Members of the Mobile City Council have introduced a new redistricting map that one representative calls a compromise between Mayor Sandy Stimpson’s proposal and a plan drawn up by a community coalition and the Southern Poverty Law Center.
The map, sponsored by District 1 Councilman Cory Penn, District 2 Councilman William Carroll and District 4 Council Ben Reynolds would still make District 7 a Black voting age majority district, but would increase it to 53 percent. Stimpson’s proposal left the Black majority at about 51 percent.Council map
The map tweaks a few lines from the community group map, Reynolds said in a phone interview Friday afternoon. He called the map a “compromise” that he hopes can gain the support of the needed supermajority of councilors. If councilors can’t get a supermajority to approve any of the maps on the agenda by a deadline of Aug. 12, Stimpson’s proposal automatically goes into effect.
“It doesn’t appear that there are five votes for the mayor’s plan and it doesn’t appear there are five votes for the community plan,” Reynolds said. “It’s important we have consensus on a plan and not just default to the mayor’s plan.”
Reynolds said he believes the newest map could garner the support of both residents and Stimpson.
“We made changes to District 7 to satisfy the outcry for 53 percent Black voting age population,” he said. “I don’t know if there’s going to be five votes for this either, but it allows us to get feedback on it.”
Approval of the newest map, Reynolds said, would show the council is listening to residents. It will also show the body can work together on the “best way forward for the city,” as possible votes on annexation, Ladd-Peebles Sports and Entertainment Complex and the Civic Center loom on the horizon.
“Everyone can sort of look at this as a way to move past racial division,” Reynolds said.
As for a previous vow to abstain on redistricting votes until the city deals with annexation, Reynolds said he has now been presented an annexation plan and therefore plans to vote in the affirmative on the new redistricting map.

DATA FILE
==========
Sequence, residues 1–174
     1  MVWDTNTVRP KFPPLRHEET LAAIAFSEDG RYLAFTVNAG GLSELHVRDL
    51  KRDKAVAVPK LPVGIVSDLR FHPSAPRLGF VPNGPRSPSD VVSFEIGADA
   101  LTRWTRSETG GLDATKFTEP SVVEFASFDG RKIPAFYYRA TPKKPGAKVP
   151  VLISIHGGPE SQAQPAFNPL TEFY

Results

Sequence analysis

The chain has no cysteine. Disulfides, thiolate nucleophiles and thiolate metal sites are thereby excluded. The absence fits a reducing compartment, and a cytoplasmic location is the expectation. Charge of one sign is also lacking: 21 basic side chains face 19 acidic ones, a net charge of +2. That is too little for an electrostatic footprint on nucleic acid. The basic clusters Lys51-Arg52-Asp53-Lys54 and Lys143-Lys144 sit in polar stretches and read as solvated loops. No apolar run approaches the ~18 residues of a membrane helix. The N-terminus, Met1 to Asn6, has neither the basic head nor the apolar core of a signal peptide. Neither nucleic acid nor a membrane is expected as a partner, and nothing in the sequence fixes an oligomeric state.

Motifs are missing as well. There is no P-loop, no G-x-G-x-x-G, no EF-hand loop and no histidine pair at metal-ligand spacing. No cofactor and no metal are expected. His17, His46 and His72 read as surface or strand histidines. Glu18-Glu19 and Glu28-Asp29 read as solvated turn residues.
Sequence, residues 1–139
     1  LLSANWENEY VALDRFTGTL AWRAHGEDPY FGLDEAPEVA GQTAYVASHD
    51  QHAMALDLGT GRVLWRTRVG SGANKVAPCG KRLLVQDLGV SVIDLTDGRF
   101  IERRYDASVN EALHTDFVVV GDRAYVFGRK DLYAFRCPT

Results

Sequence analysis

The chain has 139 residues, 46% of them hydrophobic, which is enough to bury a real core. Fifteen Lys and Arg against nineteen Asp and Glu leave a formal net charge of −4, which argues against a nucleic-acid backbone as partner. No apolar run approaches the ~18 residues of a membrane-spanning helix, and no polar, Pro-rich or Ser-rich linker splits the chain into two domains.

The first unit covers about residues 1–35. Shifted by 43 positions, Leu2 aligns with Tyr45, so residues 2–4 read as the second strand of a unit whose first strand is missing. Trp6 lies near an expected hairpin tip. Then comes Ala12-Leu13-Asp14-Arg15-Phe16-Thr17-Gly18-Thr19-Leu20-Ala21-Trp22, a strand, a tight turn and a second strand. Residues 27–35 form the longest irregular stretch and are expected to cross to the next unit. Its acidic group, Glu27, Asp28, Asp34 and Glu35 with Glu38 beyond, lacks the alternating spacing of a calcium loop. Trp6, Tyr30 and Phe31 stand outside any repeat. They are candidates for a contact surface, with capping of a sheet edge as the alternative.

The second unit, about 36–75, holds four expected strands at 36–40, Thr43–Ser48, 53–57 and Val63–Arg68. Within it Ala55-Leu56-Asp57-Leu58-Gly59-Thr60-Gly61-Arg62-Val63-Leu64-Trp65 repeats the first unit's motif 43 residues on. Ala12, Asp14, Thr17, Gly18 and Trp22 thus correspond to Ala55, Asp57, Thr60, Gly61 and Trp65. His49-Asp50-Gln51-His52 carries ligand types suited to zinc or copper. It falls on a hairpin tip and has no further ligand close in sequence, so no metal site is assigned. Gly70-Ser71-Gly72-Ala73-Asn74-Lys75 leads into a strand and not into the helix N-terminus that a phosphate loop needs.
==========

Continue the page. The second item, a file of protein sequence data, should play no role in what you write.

The map in question is set to be introduced at the regular council meeting on Tuesday, Aug. 2. If a redistricting vote takes place, it will most likely happen at a meeting a week later on Aug. 9. The deadline to pass a redistricting map is Friday, Aug. 12.
In a statement, Beverly Cooper, president of a local voting rights group called Stand Up Mobile, said the map was “an important step” in providing fair representation for the city’s Black residents.
“We are grateful that after six months of pleading with this Administration and Council that they meet their legal and moral obligations by providing a fourth district which allows the Black community the opportunity to elect a candidate of their choice, they appear ready to do so,” she said in the statement.
However, Cooper seemed skeptical of the motive for the new map, especially since the major changes between it and the community map appear to be switching some of the district lines from District 1 to District 5. She is calling for “no strings attached with this vote.
“With annexation just around the corner though, it is essential that this map does not come at a steep cost of losing this representation before we ever get it and for decades to come,” she said in the statement. “It would be a complete travesty for this important step to be undone through an annexation and with the numbers publicly floated in the past few weeks, there is NO WAY it would not be. There must not be any strings attached to an annexation proposal – whether publicly or in the backrooms of Government Plaza.”
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